My third novel was languishing in a bottom-drawer file on my PC. I couldn’t see the way through it, even though I had all the characters, the plot and subplots, and the ending, firmly in my mind. I wondered if I’d bitten off more than I could chew. Was I being too ambitious? It’s actually a good story; I’m very proud of it, but it had become a dense, tangled muddle. I had to figure out why it wasn’t working, why the damn thing wouldn’t progress. I decided a more forensic approach was needed if it was going to be resurrected. Continue reading
As a fledgling writer I was advised that my reading pleasure would be ruined for ever; that I would minutely study everything I read, dissecting the dialogue, the use of language and vocabulary, the narrative style, to determine how it worked. I would treat every novel as a lesson. And I did, up to a point. For a newbie, it was a great way to learn. But I’m getting over that now. I still read a lot of fiction but I’m not obsessed with dismembering every book so I can scrutinise its inner workings in forensic detail. And I still learn a lot from my reading, that’s one of its pleasures. Facts I was previously unaware of, a novel approach to an everyday plot, the crafting of a story arc, I absorb it all. Some books are instantly forgettable; others stay in my head for a long time. Some take up permanent residence, and it’s these that I’d like to share with you. Continue reading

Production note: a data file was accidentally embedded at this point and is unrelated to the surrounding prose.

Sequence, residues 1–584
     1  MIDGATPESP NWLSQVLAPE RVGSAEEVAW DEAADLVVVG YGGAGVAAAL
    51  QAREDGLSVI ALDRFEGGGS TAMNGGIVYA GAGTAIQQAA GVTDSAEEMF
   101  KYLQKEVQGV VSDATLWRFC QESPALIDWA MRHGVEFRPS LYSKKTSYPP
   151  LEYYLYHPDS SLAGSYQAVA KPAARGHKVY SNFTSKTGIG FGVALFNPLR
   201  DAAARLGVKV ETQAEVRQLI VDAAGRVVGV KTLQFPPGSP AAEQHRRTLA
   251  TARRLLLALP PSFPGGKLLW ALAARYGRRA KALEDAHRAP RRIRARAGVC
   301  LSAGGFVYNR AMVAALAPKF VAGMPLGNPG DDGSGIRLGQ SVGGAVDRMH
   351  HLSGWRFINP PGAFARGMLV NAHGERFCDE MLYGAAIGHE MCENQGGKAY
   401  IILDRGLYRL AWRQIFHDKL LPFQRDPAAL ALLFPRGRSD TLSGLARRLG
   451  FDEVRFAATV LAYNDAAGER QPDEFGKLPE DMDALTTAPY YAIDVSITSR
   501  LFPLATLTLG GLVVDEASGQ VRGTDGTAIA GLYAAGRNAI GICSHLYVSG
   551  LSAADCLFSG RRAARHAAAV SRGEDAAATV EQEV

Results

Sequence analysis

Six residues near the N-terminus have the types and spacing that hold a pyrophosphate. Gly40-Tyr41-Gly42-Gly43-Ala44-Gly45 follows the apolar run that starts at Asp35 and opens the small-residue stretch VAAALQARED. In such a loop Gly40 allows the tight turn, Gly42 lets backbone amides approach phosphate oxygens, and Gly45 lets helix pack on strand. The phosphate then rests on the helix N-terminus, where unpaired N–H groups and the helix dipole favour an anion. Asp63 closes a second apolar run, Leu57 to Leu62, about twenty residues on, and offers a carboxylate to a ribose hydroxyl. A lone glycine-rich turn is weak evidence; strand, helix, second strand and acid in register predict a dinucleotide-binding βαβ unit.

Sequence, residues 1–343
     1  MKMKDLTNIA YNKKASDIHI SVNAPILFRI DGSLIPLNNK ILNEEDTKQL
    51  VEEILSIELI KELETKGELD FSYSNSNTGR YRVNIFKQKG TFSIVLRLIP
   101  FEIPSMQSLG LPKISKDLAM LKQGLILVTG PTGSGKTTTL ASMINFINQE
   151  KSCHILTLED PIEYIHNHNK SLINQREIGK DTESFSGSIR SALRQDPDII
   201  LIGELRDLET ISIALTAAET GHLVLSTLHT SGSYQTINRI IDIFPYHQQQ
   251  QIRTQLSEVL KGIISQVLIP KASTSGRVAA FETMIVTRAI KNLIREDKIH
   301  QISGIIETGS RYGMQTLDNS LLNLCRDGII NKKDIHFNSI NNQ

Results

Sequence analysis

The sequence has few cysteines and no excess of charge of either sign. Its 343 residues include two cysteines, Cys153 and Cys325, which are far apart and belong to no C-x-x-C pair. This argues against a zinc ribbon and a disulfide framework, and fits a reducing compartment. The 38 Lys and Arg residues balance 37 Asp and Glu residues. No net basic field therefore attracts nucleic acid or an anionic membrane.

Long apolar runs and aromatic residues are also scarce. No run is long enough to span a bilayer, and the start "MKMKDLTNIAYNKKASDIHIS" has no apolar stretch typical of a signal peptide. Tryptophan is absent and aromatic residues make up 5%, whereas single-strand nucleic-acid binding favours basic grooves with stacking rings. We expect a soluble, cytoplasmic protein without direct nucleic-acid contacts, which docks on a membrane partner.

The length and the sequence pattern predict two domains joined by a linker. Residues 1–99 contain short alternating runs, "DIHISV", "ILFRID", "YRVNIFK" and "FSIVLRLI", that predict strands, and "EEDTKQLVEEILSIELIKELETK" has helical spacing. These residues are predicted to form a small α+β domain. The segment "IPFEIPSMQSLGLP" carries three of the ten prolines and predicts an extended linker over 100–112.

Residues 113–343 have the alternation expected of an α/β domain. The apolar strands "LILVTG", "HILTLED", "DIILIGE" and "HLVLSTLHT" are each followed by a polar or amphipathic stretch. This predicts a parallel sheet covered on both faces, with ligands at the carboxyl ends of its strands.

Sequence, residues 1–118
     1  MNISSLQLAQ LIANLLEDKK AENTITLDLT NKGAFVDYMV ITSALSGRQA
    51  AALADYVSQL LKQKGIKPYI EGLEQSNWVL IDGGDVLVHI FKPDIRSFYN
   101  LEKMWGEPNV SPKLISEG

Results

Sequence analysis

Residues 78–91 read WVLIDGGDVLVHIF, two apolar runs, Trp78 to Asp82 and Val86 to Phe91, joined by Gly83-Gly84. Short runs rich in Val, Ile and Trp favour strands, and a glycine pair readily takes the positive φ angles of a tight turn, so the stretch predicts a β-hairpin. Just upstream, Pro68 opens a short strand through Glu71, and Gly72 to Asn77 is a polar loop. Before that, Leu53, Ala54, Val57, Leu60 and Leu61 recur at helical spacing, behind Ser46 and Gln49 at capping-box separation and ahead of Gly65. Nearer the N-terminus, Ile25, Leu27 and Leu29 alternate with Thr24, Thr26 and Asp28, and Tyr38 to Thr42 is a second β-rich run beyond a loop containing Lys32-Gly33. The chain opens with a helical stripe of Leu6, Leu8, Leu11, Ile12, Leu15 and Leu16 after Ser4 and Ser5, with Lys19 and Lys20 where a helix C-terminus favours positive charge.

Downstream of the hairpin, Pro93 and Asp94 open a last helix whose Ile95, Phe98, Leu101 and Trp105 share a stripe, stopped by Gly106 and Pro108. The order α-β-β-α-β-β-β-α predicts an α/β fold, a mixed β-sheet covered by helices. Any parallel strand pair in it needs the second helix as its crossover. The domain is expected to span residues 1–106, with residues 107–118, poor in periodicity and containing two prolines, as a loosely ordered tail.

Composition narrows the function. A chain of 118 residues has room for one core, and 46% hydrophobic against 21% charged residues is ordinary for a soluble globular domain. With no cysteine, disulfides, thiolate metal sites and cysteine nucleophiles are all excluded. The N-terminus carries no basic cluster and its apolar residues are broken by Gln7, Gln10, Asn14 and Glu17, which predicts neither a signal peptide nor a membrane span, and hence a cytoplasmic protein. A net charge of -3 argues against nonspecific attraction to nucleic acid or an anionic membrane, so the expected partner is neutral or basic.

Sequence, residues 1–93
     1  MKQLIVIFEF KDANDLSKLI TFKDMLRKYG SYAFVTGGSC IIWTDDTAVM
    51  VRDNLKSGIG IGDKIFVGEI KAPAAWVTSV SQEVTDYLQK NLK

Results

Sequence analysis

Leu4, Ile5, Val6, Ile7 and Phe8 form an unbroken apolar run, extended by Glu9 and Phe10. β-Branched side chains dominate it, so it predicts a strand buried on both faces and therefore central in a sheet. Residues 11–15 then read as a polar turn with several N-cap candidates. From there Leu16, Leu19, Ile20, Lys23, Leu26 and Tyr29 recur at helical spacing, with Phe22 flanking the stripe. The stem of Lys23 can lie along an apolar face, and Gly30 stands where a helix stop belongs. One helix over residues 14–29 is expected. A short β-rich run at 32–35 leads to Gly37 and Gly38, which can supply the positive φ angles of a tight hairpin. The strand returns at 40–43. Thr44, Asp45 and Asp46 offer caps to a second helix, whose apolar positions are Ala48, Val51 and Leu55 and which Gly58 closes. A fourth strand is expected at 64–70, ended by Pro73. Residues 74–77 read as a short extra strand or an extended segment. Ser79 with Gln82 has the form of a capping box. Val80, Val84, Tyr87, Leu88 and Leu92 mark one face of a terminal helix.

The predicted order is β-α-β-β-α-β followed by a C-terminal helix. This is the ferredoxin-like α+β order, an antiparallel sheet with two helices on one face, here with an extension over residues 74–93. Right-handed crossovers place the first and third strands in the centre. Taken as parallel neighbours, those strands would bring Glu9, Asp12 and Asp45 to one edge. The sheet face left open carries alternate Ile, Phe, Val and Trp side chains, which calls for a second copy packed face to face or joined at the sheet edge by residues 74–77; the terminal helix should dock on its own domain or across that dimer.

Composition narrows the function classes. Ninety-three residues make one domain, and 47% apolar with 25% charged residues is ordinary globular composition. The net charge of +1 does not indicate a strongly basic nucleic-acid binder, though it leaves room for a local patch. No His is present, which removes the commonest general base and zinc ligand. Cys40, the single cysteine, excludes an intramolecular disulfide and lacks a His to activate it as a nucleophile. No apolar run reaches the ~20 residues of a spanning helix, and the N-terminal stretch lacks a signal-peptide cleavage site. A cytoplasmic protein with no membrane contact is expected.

Are you the sort of person who listens to music that reflects your current mood and reads novels that imitate your life, or do you prefer your listening and reading choices to challenge the status quo? I’m certainly in the former camp: I want mournful music when I’m anxious or depressed; uplifting tunes when I’m happy. I don’t want to be cajoled out of my sulk; I want to wallow. My reading material has to mirror my current frame of mind and, if I’m going through a particularly blue period, it should suggest an escape, or a way forward.
Committing thoughts to diaries and journals is an established method of exorcising our demons. Writing negative feelings on a sheet of paper, wrapping it round a stone and throwing it into the sea or off a cliff is still a popular way of ridding ourselves of bad vibes, so could the same effect be gained from writing fiction? Just as we use reading novels and listening to music as therapy, can we use writing to ease the kinks out of our lives? Continue reading